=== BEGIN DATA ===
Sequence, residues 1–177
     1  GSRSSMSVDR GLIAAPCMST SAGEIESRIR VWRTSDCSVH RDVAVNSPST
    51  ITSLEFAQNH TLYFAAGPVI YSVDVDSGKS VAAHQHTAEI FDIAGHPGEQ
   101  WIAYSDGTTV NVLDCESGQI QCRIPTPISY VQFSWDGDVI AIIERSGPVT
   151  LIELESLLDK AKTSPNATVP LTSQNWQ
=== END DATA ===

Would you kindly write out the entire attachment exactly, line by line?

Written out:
Sequence, residues 1–177
     1  GSRSSMSVDR GLIAAPCMST SAGEIESRIR VWRTSDCSVH RDVAVNSPST
    51  ITSLEFAQNH TLYFAAGPVI YSVDVDSGKS VAAHQHTAEI FDIAGHPGEQ
   101  WIAYSDGTTV NVLDCESGQI QCRIPTPISY VQFSWDGDVI AIIERSGPVT
   151  LIELESLLDK AKTSPNATVP LTSQNWQ